“This will be a great opportunity,” Walders said. Many people have ideas or desires of what they would like to see in Fairmont, but “who else has asked them? This time, it will actually go somewhere.”

The deadline for the idea collection process has been set for Nov. 15.

The Project 1590 steering committee is in the process of hiring an intern to oversee the idea condensation process.

Public voting for ideas will run from Nov. 15 to Dec. 31, when the top 100 will be announced. From Jan. 1 to Feb. 28, public voting will reduce the number of ideas to 30. The final round of public voting to condense the number of ideas to the top 5 to 10 will take place from March 1 through April 28.

After the top ideas are determined, committees will be formed to spearhead their development. Some might come about quickly, while others will take a longer time and effort.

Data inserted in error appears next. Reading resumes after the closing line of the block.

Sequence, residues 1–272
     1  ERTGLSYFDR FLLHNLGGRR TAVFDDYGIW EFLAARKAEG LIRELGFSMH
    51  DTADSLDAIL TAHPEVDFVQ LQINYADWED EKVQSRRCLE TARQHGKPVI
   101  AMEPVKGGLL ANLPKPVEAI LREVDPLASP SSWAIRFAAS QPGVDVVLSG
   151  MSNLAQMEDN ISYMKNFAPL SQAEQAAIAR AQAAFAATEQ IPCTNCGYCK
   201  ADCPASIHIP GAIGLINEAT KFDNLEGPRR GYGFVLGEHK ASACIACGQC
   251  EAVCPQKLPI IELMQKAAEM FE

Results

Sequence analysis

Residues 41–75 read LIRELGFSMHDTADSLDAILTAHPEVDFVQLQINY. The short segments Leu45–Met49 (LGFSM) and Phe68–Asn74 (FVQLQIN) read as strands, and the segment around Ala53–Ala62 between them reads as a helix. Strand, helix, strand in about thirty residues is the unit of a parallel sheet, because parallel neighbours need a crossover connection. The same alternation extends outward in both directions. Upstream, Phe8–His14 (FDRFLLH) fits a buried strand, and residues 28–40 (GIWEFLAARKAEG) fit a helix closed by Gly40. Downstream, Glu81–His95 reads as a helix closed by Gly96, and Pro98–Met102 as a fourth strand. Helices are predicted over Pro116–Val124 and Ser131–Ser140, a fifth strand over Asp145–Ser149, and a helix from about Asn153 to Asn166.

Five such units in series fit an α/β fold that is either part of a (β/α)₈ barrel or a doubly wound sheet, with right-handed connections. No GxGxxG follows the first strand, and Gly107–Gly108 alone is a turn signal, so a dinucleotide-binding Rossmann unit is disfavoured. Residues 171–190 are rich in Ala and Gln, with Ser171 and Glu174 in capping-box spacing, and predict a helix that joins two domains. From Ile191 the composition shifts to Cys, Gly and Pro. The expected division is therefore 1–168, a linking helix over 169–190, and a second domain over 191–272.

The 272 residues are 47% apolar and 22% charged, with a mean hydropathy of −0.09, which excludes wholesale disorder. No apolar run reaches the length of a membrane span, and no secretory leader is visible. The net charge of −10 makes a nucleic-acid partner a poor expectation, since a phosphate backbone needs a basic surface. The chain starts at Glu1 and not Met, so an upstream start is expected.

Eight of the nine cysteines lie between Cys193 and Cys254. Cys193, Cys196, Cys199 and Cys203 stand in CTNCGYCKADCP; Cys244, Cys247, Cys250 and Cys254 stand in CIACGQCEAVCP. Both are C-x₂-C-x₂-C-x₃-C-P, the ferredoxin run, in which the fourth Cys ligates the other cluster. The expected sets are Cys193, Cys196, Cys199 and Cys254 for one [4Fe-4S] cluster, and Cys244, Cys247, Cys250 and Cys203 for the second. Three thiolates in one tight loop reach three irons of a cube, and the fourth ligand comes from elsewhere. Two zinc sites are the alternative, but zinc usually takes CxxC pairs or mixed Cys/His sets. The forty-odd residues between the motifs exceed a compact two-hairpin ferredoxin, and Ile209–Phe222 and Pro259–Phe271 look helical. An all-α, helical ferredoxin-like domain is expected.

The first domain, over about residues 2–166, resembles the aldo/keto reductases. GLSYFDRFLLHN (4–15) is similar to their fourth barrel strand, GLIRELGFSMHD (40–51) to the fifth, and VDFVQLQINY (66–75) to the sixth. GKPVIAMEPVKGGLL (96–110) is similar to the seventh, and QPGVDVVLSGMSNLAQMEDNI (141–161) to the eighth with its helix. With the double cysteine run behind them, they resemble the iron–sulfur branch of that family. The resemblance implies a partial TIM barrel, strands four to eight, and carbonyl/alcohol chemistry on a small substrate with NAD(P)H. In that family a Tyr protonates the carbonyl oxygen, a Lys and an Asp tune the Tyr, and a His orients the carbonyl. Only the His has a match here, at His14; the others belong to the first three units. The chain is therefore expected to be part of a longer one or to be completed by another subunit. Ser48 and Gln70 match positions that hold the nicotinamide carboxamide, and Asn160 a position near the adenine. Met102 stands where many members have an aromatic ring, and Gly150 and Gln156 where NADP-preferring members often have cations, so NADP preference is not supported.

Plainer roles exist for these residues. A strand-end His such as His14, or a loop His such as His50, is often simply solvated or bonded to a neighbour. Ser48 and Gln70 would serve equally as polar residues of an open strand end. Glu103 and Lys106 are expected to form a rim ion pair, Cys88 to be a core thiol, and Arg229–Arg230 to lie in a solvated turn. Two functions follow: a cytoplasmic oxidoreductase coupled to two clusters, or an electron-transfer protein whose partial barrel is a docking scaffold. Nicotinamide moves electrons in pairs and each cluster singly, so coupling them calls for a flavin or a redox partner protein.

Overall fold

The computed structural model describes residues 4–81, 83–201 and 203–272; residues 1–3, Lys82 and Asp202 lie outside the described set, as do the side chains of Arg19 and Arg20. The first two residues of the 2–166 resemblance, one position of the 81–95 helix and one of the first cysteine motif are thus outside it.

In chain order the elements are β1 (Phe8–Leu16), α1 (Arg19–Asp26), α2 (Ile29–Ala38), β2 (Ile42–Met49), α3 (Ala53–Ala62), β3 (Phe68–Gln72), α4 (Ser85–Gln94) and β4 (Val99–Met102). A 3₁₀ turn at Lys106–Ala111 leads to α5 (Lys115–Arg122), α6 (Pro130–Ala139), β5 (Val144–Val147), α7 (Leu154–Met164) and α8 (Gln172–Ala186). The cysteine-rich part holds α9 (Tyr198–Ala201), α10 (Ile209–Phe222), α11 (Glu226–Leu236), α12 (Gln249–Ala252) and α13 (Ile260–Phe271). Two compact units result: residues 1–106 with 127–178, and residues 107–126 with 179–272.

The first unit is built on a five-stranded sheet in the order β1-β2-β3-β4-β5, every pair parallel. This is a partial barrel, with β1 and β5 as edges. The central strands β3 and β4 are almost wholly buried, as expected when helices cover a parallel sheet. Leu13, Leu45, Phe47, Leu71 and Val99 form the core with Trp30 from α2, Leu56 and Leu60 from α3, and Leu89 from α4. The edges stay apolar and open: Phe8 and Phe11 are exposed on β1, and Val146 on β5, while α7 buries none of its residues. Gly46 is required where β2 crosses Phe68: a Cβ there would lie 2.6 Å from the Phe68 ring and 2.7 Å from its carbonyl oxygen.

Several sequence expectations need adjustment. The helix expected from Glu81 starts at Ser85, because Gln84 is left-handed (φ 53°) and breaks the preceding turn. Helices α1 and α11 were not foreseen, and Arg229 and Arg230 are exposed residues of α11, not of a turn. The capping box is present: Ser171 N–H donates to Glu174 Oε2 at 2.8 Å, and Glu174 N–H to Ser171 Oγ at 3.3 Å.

“This (Big Night of Ideas) will be a channel to a better community,” Hawkins said. “It’s going to be important. Even if it doesn’t make the top 10, your idea still counts. We’re going to get it to the right place.

© Copyright 2015 Fairmont Sentinel. All rights reserved. This material may not be published, broadcast, rewritten or redistributed.

Project 1590 aims for local improvements – August 22, 2014

Judy Bryan – Sentinel Staff Writer, Fairmont Sentinel

FAIRMONT – If you haven’t yet heard about Project 1590, you’re not alone. But within the next several weeks, area residents will become very familiar with the endeavor.

Project 1590, which refers to Fairmont’s location at the intersection of Highway 15 and Interstate 90, is a grassroots community movement that began growing earlier this summer.

“It’s anything to do with enhancing the life and well-being of the citizens of Fairmont and our surrounding communities,” said Ruth Cyphers, a member of the steering committee.